Yves Ryan (28 February 1928 – 2 February 2014) was a Canadian politician in the province of Quebec. He served as the mayor of Montreal North from 1963 until 2001, when the suburban city was amalgamated into the new city of Montreal.
Ryan was the son of Blandine (née Dorion) and Henri-Albert Ryan. He was the youngest brother of Claude Ryan, a prominent politician and journalist in Quebec. Like his brother, he was a newspaper editor before entering political life. He edited Le Montréal-Nord from 1952 to 1956 and later co-founded Le Guide de Montréal-Nord.
Ryan was personally involved in many aspects of municipal government and was acknowledged, even by his opponents, as a very popular figure in his city. He was often re-elected without opposition or by large majorities, and he had little difficulty controlling city council through his Renouveau municipale party. In 2005, a journalist in the Montreal Gazette wrote that Ryan was usually able to "direct city business by doing little more than forcefully pointing his cigar butt."
Ryan was also known for his tight budgetary spending; in December 1985, he said that Montreal North had the lowest per-capita spending of all Quebec cities of a comparable size. Montreal North did not introduce a curbside recycling program in the 1990s, largely because Ryan did not want to introduce the requisite tax increase.
In 1999, anti-poverty groups accused Ryan of neglecting low-income housing; he disputed the charge, saying that his administration participated in three provincial programs and had created significantly more units than his opponents suggested. Some critics have charged that Ryan was unwilling to deal with long-term poverty issues in the Montreal North and was ultimately responsible for economic decline in the region.
When Ryan first became mayor of Montreal North, he promised that his community would receive a Metro transit line. He continued to promote the line for most of his time in office but was opposed by other municipal politicians, who argued that it made little sense in a broader urban framework.
In addition to serving as mayor of Montreal North, Ryan was for many years a member of the regional Montreal Urban Community (MUC). In 1972, he was the main proponent of an accord that brought Montreal Island's twenty-five police forces into a single organization. He later served as president of the MUC's security council, which oversaw the unified force. He announced in 1979 that Montreal would resume issuing English-French bilingual driving tickets, following a Supreme Court of Canada ruling that required bilingual tickets in Manitoba. (Quebec's Charter of the French Language, introduced two years earlier, had mandated that tickets be issued in French only).
Ryan was a member of the Montreal Urban Community Transportation Commission (MUCTC) in the mid-1980s, when the commission consisted of a largely autonomous chairman and two commissioners. In 1985, he supported reforms that put the commission under the control of six elected officials and two citizens. He himself was named as the first chairman of the restructured board (which was renamed the Montreal Urban Community Transit Corporation) in December 1985. He stood down in 1986 and was replaced by Robert Perreault.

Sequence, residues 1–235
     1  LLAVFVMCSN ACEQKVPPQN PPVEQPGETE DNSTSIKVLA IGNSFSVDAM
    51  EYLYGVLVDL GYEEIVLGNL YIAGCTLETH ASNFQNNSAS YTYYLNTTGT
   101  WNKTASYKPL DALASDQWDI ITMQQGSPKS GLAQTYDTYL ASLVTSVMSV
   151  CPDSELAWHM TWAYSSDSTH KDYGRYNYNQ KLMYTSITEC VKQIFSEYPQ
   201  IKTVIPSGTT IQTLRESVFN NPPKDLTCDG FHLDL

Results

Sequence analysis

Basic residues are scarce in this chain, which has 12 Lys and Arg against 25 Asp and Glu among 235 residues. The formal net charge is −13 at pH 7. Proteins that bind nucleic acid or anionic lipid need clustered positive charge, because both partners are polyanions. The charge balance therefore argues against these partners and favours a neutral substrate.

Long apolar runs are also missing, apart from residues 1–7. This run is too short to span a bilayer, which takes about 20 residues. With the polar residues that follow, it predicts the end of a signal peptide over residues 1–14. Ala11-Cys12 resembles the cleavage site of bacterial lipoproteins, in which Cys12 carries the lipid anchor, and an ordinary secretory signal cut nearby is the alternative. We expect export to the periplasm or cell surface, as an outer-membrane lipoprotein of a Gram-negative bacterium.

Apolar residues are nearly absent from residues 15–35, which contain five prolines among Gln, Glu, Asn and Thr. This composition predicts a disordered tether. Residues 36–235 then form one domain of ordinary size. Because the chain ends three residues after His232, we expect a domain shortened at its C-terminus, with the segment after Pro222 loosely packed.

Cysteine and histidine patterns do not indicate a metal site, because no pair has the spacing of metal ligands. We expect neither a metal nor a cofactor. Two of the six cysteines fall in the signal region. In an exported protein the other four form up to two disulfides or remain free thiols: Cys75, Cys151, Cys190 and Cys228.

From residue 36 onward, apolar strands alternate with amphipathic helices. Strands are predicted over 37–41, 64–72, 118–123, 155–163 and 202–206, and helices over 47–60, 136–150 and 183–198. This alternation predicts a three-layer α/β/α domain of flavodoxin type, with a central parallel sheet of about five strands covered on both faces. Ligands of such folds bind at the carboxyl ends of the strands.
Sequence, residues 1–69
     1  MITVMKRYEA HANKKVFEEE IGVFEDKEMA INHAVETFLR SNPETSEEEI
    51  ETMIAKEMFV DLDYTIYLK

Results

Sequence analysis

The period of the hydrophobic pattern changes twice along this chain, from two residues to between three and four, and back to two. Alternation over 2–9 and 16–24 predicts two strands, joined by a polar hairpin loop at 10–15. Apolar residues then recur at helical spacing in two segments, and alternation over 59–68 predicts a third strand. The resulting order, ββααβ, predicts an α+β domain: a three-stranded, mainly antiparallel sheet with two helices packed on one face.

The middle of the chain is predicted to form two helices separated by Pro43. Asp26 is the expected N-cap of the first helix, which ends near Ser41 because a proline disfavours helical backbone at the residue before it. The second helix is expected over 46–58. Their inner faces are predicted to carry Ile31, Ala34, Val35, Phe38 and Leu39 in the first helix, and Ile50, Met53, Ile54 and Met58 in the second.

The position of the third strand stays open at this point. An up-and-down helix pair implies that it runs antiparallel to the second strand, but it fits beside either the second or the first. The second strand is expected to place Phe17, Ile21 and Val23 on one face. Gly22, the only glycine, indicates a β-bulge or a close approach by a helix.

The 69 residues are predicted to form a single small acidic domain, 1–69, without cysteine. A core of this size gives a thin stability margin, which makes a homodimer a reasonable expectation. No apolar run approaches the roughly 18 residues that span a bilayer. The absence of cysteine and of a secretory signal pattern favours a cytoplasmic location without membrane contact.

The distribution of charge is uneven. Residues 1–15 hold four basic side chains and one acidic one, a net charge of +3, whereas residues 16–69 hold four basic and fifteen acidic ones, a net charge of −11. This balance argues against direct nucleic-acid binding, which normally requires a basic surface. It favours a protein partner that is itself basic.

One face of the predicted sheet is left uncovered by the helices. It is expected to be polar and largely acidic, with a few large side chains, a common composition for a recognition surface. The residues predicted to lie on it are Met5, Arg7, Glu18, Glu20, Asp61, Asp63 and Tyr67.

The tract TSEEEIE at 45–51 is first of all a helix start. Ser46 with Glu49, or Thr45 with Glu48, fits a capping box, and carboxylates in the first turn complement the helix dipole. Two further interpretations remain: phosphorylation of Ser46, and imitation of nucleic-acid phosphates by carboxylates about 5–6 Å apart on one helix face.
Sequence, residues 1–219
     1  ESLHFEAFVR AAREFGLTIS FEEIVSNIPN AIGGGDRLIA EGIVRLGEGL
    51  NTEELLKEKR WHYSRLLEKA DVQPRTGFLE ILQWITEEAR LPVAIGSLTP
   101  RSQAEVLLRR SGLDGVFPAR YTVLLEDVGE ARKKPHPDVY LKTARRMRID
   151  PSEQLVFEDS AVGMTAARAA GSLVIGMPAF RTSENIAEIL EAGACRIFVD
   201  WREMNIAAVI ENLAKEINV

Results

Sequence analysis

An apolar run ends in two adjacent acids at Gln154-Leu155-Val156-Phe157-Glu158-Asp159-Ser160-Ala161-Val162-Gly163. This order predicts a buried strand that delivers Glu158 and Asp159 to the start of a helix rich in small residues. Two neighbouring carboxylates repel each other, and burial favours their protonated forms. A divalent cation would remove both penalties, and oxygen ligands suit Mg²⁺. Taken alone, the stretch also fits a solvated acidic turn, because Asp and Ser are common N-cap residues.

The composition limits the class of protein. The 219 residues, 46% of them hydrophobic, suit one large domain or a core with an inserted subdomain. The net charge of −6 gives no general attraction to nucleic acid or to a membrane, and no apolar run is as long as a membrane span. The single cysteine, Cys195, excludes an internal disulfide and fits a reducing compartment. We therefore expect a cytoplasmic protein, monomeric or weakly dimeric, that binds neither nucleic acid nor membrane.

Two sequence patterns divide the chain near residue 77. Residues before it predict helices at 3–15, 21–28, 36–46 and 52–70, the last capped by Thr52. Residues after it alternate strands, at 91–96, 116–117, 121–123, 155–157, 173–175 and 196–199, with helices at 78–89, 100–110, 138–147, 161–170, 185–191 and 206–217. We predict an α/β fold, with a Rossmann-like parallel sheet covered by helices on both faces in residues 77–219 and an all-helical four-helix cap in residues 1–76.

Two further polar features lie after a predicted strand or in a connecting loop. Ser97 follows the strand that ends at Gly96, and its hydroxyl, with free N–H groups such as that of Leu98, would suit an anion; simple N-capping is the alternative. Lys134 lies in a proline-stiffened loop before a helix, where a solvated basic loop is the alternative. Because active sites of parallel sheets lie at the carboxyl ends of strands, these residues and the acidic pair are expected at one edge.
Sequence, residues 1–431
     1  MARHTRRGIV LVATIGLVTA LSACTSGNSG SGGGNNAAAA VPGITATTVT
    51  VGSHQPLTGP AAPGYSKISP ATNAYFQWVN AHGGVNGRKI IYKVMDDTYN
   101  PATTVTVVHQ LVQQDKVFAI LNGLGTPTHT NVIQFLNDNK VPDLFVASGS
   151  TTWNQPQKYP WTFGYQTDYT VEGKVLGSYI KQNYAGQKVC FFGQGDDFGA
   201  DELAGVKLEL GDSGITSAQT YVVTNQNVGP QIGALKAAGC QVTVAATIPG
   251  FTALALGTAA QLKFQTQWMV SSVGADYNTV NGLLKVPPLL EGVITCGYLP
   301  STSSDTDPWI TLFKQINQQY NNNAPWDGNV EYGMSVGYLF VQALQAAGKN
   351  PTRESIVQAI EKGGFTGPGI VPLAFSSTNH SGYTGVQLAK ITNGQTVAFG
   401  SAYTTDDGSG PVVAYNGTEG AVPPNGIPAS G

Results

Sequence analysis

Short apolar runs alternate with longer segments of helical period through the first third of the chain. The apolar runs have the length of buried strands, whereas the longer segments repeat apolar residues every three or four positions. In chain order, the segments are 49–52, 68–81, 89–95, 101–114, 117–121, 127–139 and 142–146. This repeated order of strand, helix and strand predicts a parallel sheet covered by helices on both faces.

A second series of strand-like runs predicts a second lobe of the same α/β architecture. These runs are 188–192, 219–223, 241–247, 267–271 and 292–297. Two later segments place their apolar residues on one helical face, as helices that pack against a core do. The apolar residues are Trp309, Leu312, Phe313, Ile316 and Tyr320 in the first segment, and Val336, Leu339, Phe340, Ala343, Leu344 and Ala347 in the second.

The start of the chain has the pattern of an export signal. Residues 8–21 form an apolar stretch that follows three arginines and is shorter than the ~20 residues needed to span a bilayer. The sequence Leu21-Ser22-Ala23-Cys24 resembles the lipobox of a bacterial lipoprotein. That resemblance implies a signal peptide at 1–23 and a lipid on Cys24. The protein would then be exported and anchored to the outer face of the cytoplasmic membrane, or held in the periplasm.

Ryan was appointed to a second term as MUCTC chair in 1994, after Perreault was elected to the National Assembly of Quebec. He opposed funding cuts introduced by Montreal mayor Pierre Bourque in 1997, on the grounds that they would jeopardize the future of public transit in the region. During the 1998 municipal election, he complained that candidates in Montreal were not taking transit issues seriously.
Ryan was replaced as MUCTC chair after the 1998 election. In 2001, he complained that transit had suffered cutbacks for too many years, leading to longer wait periods and more crowded buses.
Ryan was a vocal opponent of the Quebec government's plan to merge all of Montreal's municipalities into a single city, and in late 2000 he played a prominent role in a large street protest in opposition to the plan. The protest was unsuccessful, however, and the amalgamation bill was passed into law on December 20, 2000. Ryan chose to retire in 2001 rather than run for a seat on the new city council.
In 2004, Ryan was appointed by the new provincial government of Jean Charest to chair a committee overseeing the demerger of Longueuil.
^Debbie Parkes, "Montreal North, St. Leonard show different election styles," Montreal Gazette, 20 October 1986, A4; Irwin Block, "Spite could cost Bourque: Many in Montreal North - the largest island suburb, with a population of 82,355 - are angry with the Montreal mayor over forced amalgamation," Montreal Gazette, 3 October 2001, A6.
^Mike King, "Battling 272 years of experience," Montreal Gazette, 21 October 1994, A4; Mike King, "Ryan wins again," Montreal Gazette, 7 November 1994, A5.
^James Mennie, "Potential for chaos looming large when ballots cast Nov. 6," Montreal Gazette, 15 October 2005, A7.
^Debbie Parkes, "Ryan says budget is most frugal in the province," Montreal Gazette, 19 December 1985, X15.
^Michelle Lalonde, "Taxpayers bear heavy burden: Environmentalists urge less wasteful approach," Montreal Gazette, 7 December 2002, A3.
^Allison Lampert, "More subsidized housing needed," Montreal Gazette, 2 February 1999, A6.